- Sensor Size: 4/3″ format, 16 Megapixels (4640 x 3506)
- Pixel Size: 3.8μm x 3.8μm
- Cooling: Two-Stage TEC, 40 – 45C below ambient
- ASCOM Compatible: Yes
- Interface Type: USB 2.0 or 3.0
- Back Focus Distance: 17.5mm
- Image Formats: JPEG, BITMAP, FITS
Back Focus Distance
The back focus distance on the Meade DSI IV is 17.5mm, which means that this is how much space is between the camera sensor, and the edge of the camera. You can use this measurement to calculate the correct spacing when you have the camera connected to a field flattener/reducer, and your telescope.
I have the Meade DSI IV threaded to my filter wheel using an M54 t-mount adapter, and then a 0.8X Starfield reducer/flattener sits on the other end to connect to the telescope. The mono camera sensor can now capture images through each filter (red, green, blue, and luminance), and can be controlled using software on my PC (APT).
Connecting to a Filter Wheel
As I mentioned, I have the Meade DSI VI mono connected to a Xagyl 5-position filter wheel. This allows me to easily change the 2-inch Optolong LRGB filters that sit in front of the camera without touching my telescope. The wheel is connected to my PC using a mini USB cable, and controlled using the ASCOM filter wheel controls found in the gear tab of APT.
To fasten the camera to the filter wheel, I used the Xagyl M54 t-mount adapter to thread it on to the opening on to the 2-inch opening on the wheel. The spacing was important here, as the field flattener/reducer I use requires 55mm of spacing between the camera sensor, and the back of the flattener for optimal imaging performance.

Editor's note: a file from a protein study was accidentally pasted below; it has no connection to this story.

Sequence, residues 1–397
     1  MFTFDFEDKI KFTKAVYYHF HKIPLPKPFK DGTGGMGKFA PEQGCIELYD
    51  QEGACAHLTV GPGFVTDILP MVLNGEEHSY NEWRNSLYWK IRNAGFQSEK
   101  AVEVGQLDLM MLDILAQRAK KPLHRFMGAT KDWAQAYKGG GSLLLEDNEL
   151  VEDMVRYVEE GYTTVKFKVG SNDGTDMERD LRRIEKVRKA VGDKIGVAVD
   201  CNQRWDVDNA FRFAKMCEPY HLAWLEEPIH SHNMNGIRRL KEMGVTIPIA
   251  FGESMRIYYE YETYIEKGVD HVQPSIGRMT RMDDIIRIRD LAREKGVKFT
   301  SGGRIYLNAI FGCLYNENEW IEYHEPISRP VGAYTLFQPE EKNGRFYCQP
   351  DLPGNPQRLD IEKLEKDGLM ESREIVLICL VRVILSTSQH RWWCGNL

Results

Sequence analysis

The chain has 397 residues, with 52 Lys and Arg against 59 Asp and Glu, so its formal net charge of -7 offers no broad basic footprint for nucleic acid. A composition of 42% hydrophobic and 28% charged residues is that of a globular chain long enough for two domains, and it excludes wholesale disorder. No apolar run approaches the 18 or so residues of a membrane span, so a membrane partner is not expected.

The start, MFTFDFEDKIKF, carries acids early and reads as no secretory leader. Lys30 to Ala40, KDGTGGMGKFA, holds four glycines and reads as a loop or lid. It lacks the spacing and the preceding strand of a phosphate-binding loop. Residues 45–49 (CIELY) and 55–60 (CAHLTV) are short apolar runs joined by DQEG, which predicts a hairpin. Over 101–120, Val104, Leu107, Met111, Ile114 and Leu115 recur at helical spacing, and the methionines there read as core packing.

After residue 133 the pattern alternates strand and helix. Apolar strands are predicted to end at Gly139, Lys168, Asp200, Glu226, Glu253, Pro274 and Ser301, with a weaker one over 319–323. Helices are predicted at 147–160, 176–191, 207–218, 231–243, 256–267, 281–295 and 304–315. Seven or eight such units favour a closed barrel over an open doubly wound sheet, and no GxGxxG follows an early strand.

Attaching a 5-position filter wheel to the Meade DSI IV
You can control a filter wheel like this in most astrophotography software applications, such as Astro Photography Tool or Sequence Generator Pro. The filter can be selected ahead of time and scheduled into a sequence of image captures through each one.
One of the main reasons I chose to use this camera and filter wheel with my Explore Scientific ED 102, is because this telescope includes a motorized focuser. I added a Pegasus Astro stepper motor kit and dual motor focus controller (DMFC) early last year, and it allows me to quickly re-focus between filters remotely.
Here is a breakdown of the astrophotography rig I am using with the Meade Deep Sky Imager IV Mono:
- Mount: Sky-Watcher EQ6-R Pro
- Telescope: Explore Scientific ED102 CF Refractor
- Camera: Meade DSI IV Mono
- Filter Wheel: Xagyl 5-Position 2″ Wheel
- Filters: Optolong LRGB filter set (2″)
- Guide Scope: Starfield 50mm Guide Scope
- Guide Camera: Altair GPCAM2
- Focuser: Pegasus Astro Stepper Motor Kit w/ DFMC
- Power: Pegasus Astro Pocket Power Box
- Camera Control: APT via Laptop Computer
The camera and filter wheel attached to my telescope in the garage.
The real test of the Meade DSI IV will happen when I actually start collecting some deep sky images with this camera from my backyard. As the images roll in, I will share my results on this page and on my social media profiles.
I could not find a single image taken with the Meade Deep Sky Imager IV on Astrobin yet, so I feel like the images I share may be placed under the microscope, at least until more images start to roll in.
The plan is to capture enough data through each LRGB filter to create a full color deep sky image. With a limited clear sky time window and the Orion constellation quickly fading into the western sky each night, I may choose to photograph M42 for the 300th time to test this camera. I can HEAR your eyes rolling from here.